As an eating psychology and behaviour change coach who utilises neurolinguistic programming, I can tell you that when you spend life thinking negative statements, you will also spend your life fighting against those thoughts, and 9 out of 10 times get the very thing you don’t want.

Your mind cannot process negative statements.  When you say to yourself “I can’t eat sugar,” your mind will only hear, “eat sugar.”  While you think you are commanding yourself into not to doing something, you are essentially talking yourself into the very action.

What I learned when I (finally) quit crash dieting. #health #eatingpsychology #coach #motivation Click To Tweet

Enjoy and appreciate your body every single day that you have it.  Feed it with love and compassion and skip the side order of hate!

If you would like to gain more confidence with food, contact me for a free 30-minute eating psychology coaching consultation at erin@erinslifebites.com!

Why a Revenge Body is Bad Motivation

As a wellness professional, I encounter various forms of personal motivation when it comes to fitness.

Some people want to be fit enough to run a half-marathon because it is something they have always wanted to do.

Some people have specific health concerns and are advised to start a fitness regimen.

And then some people come to me looking to “make their ex-significant other regret the day they broke up with them” by getting a “revenge body.”

Any tabloid magazine, on any given week, will post a story about the “revenge body” of a celebrity who is going through relationship woes or bad times.

Khloe Kardashian was paid a bunch of money on her E! show aptly titled, Revenge Body with Khloe Kardashian to assist people in obtaining a ‘revenge worthy’ physique, and I’m not the only person who thinks this show is bad news.

I have a policy that I won’t work with individuals with body revenge goals.

Instead, I ask clients to focus on the power of a growth mindset; to have them take their desire for revenge and turn it into an exercise in self-compassion and forgiveness.

Why having a revenge body is a lousy motivator

Simply put, working towards a revenge body infringes upon your innate ability to embrace healing.

Kevin Carlsmith, in a 2008 study published in the Journal of Personality and Social Psychology, discussed that by seeking revenge we inflate the event or issue to a level of obsession, where it’s no longer something that can be “laughed about later.”

You’re willing to sacrifice your well-being to seek punishment towards somebody else.

When a client comes to me with a goal not based on self-care, my concern is that the individual runs the risk of possible long-term consequences.

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I am not making this claim based on speculation. I once sought out to change my physical appearance after being called fat. Before it was a buzzword (I’m ageing myself here), when I was fifteen years old, I started a revenge body diet and exercise regimen, and it turned into a fifteen year battle with bulimia, anorexia, and binge eating disorder.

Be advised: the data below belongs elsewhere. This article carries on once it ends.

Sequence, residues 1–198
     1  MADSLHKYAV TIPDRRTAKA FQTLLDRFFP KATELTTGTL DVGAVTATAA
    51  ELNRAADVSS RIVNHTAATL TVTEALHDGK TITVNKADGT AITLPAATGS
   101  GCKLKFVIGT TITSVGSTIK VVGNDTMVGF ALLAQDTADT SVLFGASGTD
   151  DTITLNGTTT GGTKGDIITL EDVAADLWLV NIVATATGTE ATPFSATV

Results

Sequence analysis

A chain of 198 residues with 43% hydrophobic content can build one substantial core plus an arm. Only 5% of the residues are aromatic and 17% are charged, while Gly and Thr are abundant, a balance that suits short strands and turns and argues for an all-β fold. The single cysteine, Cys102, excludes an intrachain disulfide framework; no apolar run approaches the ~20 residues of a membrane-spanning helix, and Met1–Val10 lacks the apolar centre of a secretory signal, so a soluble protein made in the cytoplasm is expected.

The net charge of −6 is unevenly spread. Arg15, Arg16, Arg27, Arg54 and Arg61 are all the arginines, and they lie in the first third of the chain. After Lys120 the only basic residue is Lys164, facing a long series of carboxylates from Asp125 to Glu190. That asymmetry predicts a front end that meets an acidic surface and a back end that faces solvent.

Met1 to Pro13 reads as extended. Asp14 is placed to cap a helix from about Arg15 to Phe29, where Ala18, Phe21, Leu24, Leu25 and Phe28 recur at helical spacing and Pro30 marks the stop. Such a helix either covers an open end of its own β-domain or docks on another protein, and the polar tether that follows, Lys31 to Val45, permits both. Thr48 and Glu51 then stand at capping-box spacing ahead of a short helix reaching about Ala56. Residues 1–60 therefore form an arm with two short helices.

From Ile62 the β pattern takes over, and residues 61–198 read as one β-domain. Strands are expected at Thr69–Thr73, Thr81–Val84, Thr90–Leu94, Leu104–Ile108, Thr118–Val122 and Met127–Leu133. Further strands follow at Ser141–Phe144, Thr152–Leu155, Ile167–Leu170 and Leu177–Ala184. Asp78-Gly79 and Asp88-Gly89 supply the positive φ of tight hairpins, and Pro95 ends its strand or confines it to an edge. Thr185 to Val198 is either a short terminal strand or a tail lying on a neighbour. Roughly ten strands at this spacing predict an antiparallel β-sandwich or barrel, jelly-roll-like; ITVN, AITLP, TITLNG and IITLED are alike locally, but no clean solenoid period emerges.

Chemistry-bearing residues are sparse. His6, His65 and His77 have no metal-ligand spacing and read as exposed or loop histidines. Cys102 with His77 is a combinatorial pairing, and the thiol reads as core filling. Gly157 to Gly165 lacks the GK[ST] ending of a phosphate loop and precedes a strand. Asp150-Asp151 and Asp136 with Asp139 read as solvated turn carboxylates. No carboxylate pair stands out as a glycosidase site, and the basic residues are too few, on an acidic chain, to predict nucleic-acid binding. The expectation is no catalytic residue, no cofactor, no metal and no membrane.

We see this scenario all of the time in the movies.  An individual gets rejected and, soon after, their mission is to rise from the ashes and make this person regret their decision to abandon or hurt them.  So, they falsely believe the best way to go about this is to become more physically desirable.

But what tends to happen in the end to our protagonists? They realise that they do not need nor desire to change for that person, and in sacrificing so much to ‘improve’ themselves, they understand that the individual wasn’t worthy of their affection and, ultimately, they are the better off without them.

Why do these characters finally realise, within a 90-minute time frame, that they need to accept who they are and be okay with it?

Because revenge inevitably brings us down to the level of the very thing we are fighting and compromises our integrity.

As humans, one of our most compelling traits is our ability to forgive ourselves and others.

So, when we apply our actions with the intentions of proving our worth or getting one over on others, we keep the pain associated with it alive and well.

We cannot heal and grow to our full potential if we are doing things for the benefit of needing to prove our worth to others.

For this reason, when I meet a new client now, and it is clear that they are in a vulnerable and transitional point in their life, I ask them to reassess what is upsetting them and the areas of their life they should focus on strengthening.

There are not many things that we as humans have control over in our lives.

Revenge dieting and bodies, as well as the entire concept of improvement based on outside justification and approval, limits what control you do have over your present and future well-being.

It’s not the events of our lives that shape us, but our beliefs as to what those events mean.

-Tony Robbins

We cannot control how people treat us or the decisions they make about who we are.

That’s on them.

However, we can control how we respond to things and grow from the experience.

Breakups, for the most part, tend to be multi-dimensional events and, upon reflection, there is much more to their demise than how our partners feel about our bodies.

Why a 'revenge body' is bad motivation. @beetsperminute Click To Tweet

So my advice is this:   Focus on living the best life possible on your terms because you’ll be living well and if it still matters enough, living well truly is the best “revenge”.

This post first appeared on Huffington Post.